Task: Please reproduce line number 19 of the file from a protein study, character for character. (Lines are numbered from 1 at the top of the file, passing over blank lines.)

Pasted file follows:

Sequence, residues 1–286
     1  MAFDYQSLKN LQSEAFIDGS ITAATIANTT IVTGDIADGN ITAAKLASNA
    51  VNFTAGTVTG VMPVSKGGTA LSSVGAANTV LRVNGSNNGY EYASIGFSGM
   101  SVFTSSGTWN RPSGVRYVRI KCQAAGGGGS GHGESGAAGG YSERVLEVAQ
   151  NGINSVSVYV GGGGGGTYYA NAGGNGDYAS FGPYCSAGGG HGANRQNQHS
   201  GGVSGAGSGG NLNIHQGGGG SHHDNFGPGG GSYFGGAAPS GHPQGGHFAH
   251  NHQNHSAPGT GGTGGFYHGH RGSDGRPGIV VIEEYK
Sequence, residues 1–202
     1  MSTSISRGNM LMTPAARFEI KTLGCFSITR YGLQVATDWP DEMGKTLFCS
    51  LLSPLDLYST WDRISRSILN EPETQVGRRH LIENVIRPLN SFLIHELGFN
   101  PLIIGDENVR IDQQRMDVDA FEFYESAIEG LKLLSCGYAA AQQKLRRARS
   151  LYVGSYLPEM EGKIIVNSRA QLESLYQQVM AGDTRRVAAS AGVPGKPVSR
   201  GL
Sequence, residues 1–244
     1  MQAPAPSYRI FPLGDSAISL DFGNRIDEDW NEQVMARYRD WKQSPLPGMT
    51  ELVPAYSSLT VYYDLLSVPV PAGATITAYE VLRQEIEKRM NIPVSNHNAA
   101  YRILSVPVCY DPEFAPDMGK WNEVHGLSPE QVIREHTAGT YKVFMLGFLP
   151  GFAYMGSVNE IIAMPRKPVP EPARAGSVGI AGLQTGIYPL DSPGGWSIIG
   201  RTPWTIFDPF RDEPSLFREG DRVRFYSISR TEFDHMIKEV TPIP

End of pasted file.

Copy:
   201  RTPWTIFDPF RDEPSLFREG DRVRFYSISR TEFDHMIKEV TPIP